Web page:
An added bonus was that these moms somehow managed to be savvy and hip, well-read on new trends in parenting. They challenged me in areas of child discipline and vaccinations and education where I had followed the status quo. They also were hot on the trail of a new trend towards home birthing. England (maybe Europe in general?) obstetrics is ahead of the AMA on this, but if you do some research, the assumption that hospital births are more safe is something that can be legitimately contested. I had been so disappointed in my first two "tries" at natural delivery that I was willing to give anything a shot. I figured the worst case scenario was that I'd be rushed to the hospital if a complication arose, and I had been so disenchanted by my hospital experiences, that I figured even that would be no worse than anything I'd already gone through.
After sharing a room (and bathroom, ugh!) with another mom in a crowded hospital, and after having endured the sleeping (and heavy breathing) father of that woman in the armchair next to the bathroom as he spent the night (illegally) and whom I startled awake as I made my way in slippers and robe to that shared bathroom, the idea of being tucked into my own sweet bed in my own sweet home sounded like heaven. "My dad cooked up ham and eggs and I was showered and in my bed..." spoke the girl who had delivered her second in her bathtub (guess who this friend was? The one who had had the c-section in the birth story before this one!)...it sounded so perfect.
Some day I'll go into the details of how medically equipped midwives are and all of the cool things that come in a "birth box", but in all of the, now four, home births I have had, I have never once lost an item of linen to gory destruction. I have never had a mess to clean. I mention that simply because it's one of the questions that comes up more often than you'd imagine.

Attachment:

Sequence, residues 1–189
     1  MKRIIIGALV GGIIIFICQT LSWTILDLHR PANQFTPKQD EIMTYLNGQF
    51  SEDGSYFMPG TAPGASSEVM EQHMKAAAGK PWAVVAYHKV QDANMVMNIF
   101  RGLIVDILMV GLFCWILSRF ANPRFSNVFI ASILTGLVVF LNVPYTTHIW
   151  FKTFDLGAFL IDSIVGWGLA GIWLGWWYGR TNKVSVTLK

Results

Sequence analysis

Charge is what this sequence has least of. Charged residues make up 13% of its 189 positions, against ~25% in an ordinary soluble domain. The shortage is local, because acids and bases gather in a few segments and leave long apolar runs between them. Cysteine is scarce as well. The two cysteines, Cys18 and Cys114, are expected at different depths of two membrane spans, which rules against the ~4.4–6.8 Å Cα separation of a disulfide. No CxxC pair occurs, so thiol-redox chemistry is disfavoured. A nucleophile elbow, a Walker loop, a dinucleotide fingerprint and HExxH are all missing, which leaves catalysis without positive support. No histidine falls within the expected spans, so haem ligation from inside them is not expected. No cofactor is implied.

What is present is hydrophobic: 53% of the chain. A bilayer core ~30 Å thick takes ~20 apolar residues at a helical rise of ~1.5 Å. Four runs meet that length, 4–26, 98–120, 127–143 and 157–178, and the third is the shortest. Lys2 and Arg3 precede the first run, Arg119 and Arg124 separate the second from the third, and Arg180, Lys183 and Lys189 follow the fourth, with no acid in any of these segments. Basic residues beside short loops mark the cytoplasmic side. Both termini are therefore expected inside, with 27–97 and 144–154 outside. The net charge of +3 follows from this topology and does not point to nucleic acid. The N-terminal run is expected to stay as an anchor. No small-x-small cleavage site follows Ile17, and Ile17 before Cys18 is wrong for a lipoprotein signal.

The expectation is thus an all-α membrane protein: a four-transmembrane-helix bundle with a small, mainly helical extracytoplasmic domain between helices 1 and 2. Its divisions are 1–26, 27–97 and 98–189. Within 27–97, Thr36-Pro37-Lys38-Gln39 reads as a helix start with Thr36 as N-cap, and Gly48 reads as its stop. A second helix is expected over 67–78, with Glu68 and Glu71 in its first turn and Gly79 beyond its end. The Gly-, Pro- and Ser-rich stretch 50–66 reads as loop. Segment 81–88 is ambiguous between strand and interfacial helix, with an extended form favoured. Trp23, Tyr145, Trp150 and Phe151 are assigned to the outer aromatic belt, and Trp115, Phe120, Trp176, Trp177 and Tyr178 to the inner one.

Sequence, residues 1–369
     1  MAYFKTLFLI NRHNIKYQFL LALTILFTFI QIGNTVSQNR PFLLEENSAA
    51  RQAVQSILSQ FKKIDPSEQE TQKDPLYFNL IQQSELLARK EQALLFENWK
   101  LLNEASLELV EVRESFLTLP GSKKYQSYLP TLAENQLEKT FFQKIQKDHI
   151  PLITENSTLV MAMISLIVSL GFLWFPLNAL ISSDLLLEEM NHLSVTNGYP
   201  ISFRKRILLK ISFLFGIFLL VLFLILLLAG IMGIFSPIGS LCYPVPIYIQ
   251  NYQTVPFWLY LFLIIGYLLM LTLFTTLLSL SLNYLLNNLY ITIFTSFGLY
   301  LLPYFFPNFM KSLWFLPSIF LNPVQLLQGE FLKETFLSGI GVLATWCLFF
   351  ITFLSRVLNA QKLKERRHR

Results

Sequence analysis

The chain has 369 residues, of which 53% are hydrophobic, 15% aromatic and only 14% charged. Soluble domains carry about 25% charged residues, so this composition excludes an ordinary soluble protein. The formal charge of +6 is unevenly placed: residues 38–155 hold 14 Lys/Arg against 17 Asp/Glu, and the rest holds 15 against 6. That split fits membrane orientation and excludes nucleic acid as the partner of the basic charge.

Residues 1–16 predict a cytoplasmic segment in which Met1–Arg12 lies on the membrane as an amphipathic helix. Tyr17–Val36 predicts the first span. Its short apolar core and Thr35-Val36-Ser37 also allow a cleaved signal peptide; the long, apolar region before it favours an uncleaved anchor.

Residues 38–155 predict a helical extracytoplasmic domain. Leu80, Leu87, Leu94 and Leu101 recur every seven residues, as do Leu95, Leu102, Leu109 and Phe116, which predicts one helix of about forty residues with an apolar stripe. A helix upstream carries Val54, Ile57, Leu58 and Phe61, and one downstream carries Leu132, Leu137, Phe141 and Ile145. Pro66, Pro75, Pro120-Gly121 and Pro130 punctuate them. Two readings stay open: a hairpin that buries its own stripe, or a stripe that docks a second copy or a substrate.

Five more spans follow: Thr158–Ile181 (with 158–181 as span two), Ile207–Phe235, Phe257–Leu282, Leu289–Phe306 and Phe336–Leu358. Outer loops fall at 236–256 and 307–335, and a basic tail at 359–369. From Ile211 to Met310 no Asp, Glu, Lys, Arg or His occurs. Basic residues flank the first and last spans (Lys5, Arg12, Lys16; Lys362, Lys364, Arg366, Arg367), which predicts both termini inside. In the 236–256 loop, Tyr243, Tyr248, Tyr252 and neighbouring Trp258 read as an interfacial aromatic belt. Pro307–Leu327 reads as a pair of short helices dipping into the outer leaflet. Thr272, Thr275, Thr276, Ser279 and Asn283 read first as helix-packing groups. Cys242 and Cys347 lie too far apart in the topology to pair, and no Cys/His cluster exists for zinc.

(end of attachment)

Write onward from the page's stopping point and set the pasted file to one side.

On the Feast of the Immaculate Conception I went to 8am Mass with my family, came home and had eggs and fruit with my Mother-in-law who had flown out to help after the birth and to watch my first two while I delivered upstairs.
The midwife arrived around noon. My water was broke. This time, instead of panic, there was a very. hot. bathtub, filled and ready for me. That hot water took my transition-strength muscle contractions and relaxed them. I floated like a wet noodle, breathing and thinking: "This is the Bradley Method!" My husband soaked my forehead in an ice cold washcloth and poured water over my belly. The midwife popped in ever so often to listen to the baby's heartbeat. About the third time she came in, she said I could push. I was shocked!
And my third baby was born. I was wrapped in a big towel and robe, tucked into bed and I nursed the baby until he slept. Then I showered, the midwife and her assistant whisked the old sheets and plastic sheeting off of my bed (that hadn't been used) and the clean fresh sheets were waiting for me when I returned to bed. I snuggled down next to my baby...and rested.
The days that followed were blissful. I sent my husband down with orders for food and drink. I called friends and family from my bed and raved about my pain-free birth. And of course, we delighted as a family in our newest addition: another boy!
This time, instead of terrifying the younger women in my life, I remember telling my sister (who was probably 15 at the time): "You can totally do this!"
I was renewed.